SUVs are the big game in car showrooms, so it’s little surprise to spot Jaguar prowling new territory with its F-Pace, writes Jez Spinks.
It might have been considered controversial a couple of decades ago for a brand with sporty DNA like Jaguar to make an SUV, though Porsche absorbed all the wailing protestations from purists a long time ago with the Cayenne in 2002.
Jaguar believes the F-Pace can have a similarly huge effect on its sales, and at least the F-Pace’s athletic styling adheres to a history of fast sedans, coupes and roadsters. The long bonnet, lengthy side glass, and slanted, sweptback bodywork create a visual impression of a vehicle sitting on its rear haunches.
How fast it pounces depends on your choice of engine. A 2.0-litre four-cylinder turbo diesel is the most leisurely, not helped by a degree of lag and gruffness, though it is the most economical – in terms of both fuel consumption (5.3 litres per 100km) and outlay (from $74,340).
The 3.0-litre V6 turbo diesel (from $85,544) is much more in keeping with the spirit of the F-Pace. With 61 per cent more torque – 700Nm – there’s a vastly punchier and more satisfying mid-range, which helps to simplify overtaking manoeuvres as one of many benefits.
Two engines borrowed from other Jags, including the F-Type, properly put the pace into F-Pace. A 250kW version of a growling supercharged 3.0-litre V6 propels the SUV to three figures in 5.8 seconds – a time that can be cut by another three-tenths with the higher-tuned, 280kW F-Pace S.
The 250kW F-Pace ranges between $83,745 and $90,515 depending on spec; the S costs from $103,135.
With key rivals including the Porsche Macan and BMW X4, plus the F in its name linking the SUV with the company’s F-Type sports car, it’s imperative the F-Pace entertain in the twisty bits. In this respect, it doesn’t let down a lineage that dates back to the SS Jaguar 100 of the 1930s.
The F-Pace’s body inevitably leans more noticeably than lower-roofed Jags, yet it feels nicely balanced as it grips the road like a cat clawing your favourite sofa. A kerb weight lower than the segment average, thanks to an aluminium-intensive architecture, helps. As does an all-wheel-drive system that only engages the front wheels when there’s a shortage of traction. When a corner has enough room to swing a cat, squeezing the throttle harder can partially change the trajectory of the F-Pace’s rear end.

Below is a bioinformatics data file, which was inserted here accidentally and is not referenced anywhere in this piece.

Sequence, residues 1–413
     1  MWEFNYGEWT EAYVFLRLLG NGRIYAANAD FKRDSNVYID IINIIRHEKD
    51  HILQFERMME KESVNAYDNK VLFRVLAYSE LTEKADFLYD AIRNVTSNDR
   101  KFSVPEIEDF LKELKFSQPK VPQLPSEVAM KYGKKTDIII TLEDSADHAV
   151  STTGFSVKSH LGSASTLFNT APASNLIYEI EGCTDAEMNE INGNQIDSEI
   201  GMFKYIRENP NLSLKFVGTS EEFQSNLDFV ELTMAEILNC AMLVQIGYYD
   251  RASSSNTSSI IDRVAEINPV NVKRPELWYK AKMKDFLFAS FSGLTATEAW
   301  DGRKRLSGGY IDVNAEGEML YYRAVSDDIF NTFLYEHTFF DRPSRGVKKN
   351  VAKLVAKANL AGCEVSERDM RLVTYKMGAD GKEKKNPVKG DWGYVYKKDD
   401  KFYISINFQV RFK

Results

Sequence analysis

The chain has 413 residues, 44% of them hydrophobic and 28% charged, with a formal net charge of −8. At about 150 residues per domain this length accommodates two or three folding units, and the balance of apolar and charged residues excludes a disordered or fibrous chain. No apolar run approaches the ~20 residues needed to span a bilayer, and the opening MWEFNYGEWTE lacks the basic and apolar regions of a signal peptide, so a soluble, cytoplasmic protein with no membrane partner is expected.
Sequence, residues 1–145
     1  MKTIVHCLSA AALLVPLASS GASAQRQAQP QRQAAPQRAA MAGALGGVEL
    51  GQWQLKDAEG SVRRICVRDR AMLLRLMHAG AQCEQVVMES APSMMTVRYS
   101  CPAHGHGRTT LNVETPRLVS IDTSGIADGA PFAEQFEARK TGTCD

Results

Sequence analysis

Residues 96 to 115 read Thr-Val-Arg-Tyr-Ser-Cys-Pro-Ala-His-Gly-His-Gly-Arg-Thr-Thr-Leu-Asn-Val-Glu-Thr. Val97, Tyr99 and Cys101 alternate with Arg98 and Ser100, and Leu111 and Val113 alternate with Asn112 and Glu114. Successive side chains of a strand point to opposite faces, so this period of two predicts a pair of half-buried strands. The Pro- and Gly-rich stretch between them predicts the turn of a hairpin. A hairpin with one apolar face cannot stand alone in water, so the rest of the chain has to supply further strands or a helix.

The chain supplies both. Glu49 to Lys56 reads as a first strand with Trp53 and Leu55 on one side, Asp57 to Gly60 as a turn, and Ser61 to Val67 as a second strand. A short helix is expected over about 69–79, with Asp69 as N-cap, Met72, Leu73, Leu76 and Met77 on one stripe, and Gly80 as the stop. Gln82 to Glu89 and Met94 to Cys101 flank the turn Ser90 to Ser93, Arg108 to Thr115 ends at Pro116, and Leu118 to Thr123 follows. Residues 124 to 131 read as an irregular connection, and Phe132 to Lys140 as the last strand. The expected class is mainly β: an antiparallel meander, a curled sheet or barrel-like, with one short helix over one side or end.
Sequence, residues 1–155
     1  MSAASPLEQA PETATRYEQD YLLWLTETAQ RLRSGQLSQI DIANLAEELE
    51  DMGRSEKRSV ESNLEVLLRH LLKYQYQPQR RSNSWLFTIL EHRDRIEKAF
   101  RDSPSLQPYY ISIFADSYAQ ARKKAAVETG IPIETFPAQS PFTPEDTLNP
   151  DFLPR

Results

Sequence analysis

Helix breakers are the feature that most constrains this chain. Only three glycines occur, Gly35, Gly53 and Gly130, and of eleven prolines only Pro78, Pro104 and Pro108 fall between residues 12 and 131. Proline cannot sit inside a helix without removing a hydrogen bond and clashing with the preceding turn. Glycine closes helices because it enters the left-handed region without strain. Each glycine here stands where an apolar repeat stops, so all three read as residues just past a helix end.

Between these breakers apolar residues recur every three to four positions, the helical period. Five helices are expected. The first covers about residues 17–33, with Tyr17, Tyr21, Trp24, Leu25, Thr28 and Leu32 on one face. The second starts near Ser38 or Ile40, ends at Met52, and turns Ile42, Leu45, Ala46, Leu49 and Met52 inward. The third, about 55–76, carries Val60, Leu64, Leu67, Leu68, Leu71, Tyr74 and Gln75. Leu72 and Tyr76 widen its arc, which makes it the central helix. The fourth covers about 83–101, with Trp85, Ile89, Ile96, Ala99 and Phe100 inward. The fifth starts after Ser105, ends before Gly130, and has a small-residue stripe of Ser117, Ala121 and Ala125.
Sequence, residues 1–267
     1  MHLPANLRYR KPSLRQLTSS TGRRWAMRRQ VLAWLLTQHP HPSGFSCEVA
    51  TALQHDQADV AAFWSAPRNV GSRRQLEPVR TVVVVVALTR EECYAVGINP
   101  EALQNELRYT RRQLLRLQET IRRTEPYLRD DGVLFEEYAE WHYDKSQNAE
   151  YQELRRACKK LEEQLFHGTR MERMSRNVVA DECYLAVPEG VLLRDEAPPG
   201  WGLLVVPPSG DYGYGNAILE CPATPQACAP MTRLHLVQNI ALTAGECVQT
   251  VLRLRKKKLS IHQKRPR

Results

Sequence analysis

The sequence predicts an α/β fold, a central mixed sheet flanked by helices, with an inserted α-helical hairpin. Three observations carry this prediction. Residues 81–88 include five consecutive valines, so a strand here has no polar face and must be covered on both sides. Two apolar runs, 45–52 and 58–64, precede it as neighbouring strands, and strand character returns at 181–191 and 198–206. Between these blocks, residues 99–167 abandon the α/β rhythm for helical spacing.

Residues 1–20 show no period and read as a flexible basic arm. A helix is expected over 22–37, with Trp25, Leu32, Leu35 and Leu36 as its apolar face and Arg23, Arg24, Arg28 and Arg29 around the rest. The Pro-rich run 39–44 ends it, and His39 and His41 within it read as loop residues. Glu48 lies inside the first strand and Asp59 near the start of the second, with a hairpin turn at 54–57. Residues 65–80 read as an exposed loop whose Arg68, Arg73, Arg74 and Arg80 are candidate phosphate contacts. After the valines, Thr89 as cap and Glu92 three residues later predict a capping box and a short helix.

The F-Pace isn’t the first all-paw Jag here – that was the F-Type AWD – though a ground clearance of 213mm and a wading depth of 525mm gives it an off-roading capability more associated with Jaguar’s sister brand, Land Rover.
Jaguar says the F-Pace’s front differential has the highest torque capacity of any of its AWD models – and can take half of the engine’s torque if needed in just 165 milliseconds.
There’s also a terrain-adjusting Adaptive Surface Response system that varies the F-Pace’s throttle response, gearshift timing and stability control to deal with variable terrain such as snow/ice, gravel, and deep snow or gravel. At low speeds, you can even just steer, by engaging All Surface Progress Control – which acts like an off-road cruise control between 3.6 and 30km/h.
The F-Pace certainly gives you more confidence than an XE or XF sedan to tackle dirt trails – just don’t expect Discovery levels of obstacle hopping. (We’d also recommend avoiding the optional 22-inch wheels unless styling is a higher priority than ride quality.)
If it weren’t for the SUV’s elevated seating position, you could be forgiven for thinking you’re riding in any other Jaguar. There’s the ‘Riva Hoop’ curve linking the front doors and dash for a wraparound cockpit effect, rotary transmission dial, large central multimedia touchscreen, and choice of old-school instrument binnacle or new-age graphic dials cluster. Window switches move higher up the door, like a Land Rover, though similarly doesn’t help ergonomics.
Practicality is where the F-Pace distinguishes itself inside. Door pockets are super-sized for large bottles, rear-seat legroom is claimed as class-leading, and multiple 12V sockets are available.
The 508-litre boot is also the biggest in Jaguar’s range, though only just compared with the XF. A space-saver spare wheel reduces capacity over the 650L of European versions, which are equipped instead with mobility kits.
Fold the 40-20-40-segment seatbacks, though, and there’s a 1740-litre, 1.9-metre-long hole that will swallow lifestyle toys such as mountain bikes with greater ease than a sedan.
Jaguar has also shown its first sign of dipping into the world of personalised accessories with the F-Pace’s Activity Key. The Fitbit-style rubber wrist bracelet is waterproof and shock proof, and allows owners to lock the car key in the F-Pace to avoid losing it while swimming or cycling, for example.
There’s no doubt the British car brand has also put its own personal stamp on the SUV class with the excellent F-Pace.
Expect the tallest Jaguar to see the brand’s sales riding higher than ever.
This review originally appeared in our Summer 2016/17 issue: